SOC: Air and Ténéré Natural Reserves (Niger)
VII.10 Air and Ténéré Natural Reserves (Niger)
The Committee at its twentieth (Merida, 1996) and twenty-first (Naples, 1997) sessions had called for a site visit to evaluate the state of conservation in order to determine whether the site could be removed from the List of World Heritage in Danger.
The Committee was pleased to note that the findings of the Centre/State Party/IUCN mission to the site, undertaken from 21 September to 3 October 1998, and those of previous exploratory field missions of the IUCN Office in Niger undertaken with the assistance of the Swiss Development Co-operation (SDC), have indicated that the numbers of most wildlife species are recovering. The flora appears to be intact in most parts, except in some valleys where over-use by local people was noted. Some wildlife species like the ostrich however, continue to be seriously threatened by poaching and international trade in live animals and its by-products. Population size of ostrich in the Reserves has been found to be less than 10% of the 1990-91 estimates. IUCN Niger has progressed in the preparation of a new programme, in co-operation with SDC and DANIDA, for the conservation of the area, with the aim of establishing conditions for conservation of the Reserves and decentralized sustainable use initiatives. The programme will attempt to increase the economic value of the Reserves to local communities through eco-tourism, agriculture and animal husbandry.
The Committee noted with satisfaction that the Peace Agreement signed between the Government and rebels has been effectively implemented. Impact of rebel activities in the area on the integrity of the site has been less severe than expected. Furthermore, the Committee was informed that the State Party has submitted an emergency programme for the rehabilitation of the site which foresees the implementation of the following activities: (i) restoration of sites which were used as bases by the rebels in the past; (ii) strengthening surveillance and protection capacity; (iii) ostrich breeding in partially enclosed areas; (iv) rapid evaluation of impacts on populations of key faunal species; (v) establishment of a Committee for development and management of the site; and (vi) training workshops for selected target groups like border police, customs officers etc., on threats to natural heritage. The Committee noted that detailed proposals for each of these activities need to be elaborated in consultation with possible donors, such as UNDP so as to ensure their rapid implementation.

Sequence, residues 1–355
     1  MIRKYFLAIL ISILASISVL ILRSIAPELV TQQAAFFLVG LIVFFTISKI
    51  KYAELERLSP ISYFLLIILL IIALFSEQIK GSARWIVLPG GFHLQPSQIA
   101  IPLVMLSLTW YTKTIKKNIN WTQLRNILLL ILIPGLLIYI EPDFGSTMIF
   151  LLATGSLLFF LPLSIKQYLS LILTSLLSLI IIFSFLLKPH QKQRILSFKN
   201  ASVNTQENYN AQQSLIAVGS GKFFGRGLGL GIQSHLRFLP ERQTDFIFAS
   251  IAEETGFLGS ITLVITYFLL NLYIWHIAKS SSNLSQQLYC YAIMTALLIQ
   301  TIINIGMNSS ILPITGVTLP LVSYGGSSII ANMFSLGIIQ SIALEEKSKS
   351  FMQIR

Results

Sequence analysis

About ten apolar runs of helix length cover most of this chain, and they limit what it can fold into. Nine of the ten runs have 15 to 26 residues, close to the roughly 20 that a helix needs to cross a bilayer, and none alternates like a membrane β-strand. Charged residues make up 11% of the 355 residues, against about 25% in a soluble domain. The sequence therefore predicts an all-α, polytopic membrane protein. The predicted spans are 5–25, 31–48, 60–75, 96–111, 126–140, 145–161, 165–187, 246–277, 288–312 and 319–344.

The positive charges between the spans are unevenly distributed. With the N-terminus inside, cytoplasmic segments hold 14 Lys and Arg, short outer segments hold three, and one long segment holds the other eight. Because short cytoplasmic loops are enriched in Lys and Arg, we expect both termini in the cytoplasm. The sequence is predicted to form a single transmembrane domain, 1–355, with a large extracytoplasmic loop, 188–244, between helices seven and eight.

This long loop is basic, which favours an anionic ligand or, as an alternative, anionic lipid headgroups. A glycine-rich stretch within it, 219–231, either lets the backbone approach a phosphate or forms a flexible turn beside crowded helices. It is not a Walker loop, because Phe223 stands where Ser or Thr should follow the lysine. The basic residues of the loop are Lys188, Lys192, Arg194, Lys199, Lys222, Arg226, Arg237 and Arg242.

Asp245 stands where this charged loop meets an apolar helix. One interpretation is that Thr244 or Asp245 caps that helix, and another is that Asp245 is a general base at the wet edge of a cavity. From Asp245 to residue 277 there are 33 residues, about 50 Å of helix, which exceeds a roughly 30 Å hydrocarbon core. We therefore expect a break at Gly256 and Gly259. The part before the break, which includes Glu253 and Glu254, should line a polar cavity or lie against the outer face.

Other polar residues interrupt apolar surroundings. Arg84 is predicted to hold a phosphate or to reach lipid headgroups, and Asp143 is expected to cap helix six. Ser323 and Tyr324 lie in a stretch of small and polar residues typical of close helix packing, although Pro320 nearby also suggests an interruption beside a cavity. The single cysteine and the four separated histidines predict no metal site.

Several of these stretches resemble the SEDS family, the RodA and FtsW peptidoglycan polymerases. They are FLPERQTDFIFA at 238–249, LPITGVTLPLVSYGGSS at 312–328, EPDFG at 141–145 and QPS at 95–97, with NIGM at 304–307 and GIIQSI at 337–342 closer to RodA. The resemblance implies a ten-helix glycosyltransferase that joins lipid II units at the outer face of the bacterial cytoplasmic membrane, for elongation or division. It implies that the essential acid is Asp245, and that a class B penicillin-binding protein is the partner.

The Committee commended the State Party for ensuring the protection of this site in spite of rebel activity and uncertain security conditions and welcomed the interest of SDC, DANIDA, UNDP and other donors to contribute to the conservation of this site. The Committee requested the Centre and IUCN to cooperate with the State Party and all other stakeholders to explore modalities for financing the implementation of the emergency rehabilitation plan and to identify priority activities for consideration of support from the World Heritage Fund. The Committee requested the Centre and IUCN to co-operate with the State Party to submit to the twenty-third session of the Bureau, a plan of action for implementing the emergency rehabilitation programme and a recommendation as to whether the Aïr and Ténéré Natural Reserves could be removed from the List of World Heritage in Danger at its twenty-third session in 1999.